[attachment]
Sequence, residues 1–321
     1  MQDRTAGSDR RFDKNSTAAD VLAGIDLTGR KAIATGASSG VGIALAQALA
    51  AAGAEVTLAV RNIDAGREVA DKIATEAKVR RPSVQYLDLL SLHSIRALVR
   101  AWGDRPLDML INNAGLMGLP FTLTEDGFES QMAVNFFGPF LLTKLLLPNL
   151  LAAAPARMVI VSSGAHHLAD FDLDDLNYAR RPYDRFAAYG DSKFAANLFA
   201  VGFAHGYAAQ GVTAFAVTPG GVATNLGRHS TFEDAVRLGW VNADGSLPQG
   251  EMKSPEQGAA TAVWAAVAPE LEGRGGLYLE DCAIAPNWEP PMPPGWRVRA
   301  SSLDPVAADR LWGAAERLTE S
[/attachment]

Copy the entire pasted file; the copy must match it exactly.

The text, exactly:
Sequence, residues 1–321
     1  MQDRTAGSDR RFDKNSTAAD VLAGIDLTGR KAIATGASSG VGIALAQALA
    51  AAGAEVTLAV RNIDAGREVA DKIATEAKVR RPSVQYLDLL SLHSIRALVR
   101  AWGDRPLDML INNAGLMGLP FTLTEDGFES QMAVNFFGPF LLTKLLLPNL
   151  LAAAPARMVI VSSGAHHLAD FDLDDLNYAR RPYDRFAAYG DSKFAANLFA
   201  VGFAHGYAAQ GVTAFAVTPG GVATNLGRHS TFEDAVRLGW VNADGSLPQG
   251  EMKSPEQGAA TAVWAAVAPE LEGRGGLYLE DCAIAPNWEP PMPPGWRVRA
   301  SSLDPVAADR LWGAAERLTE S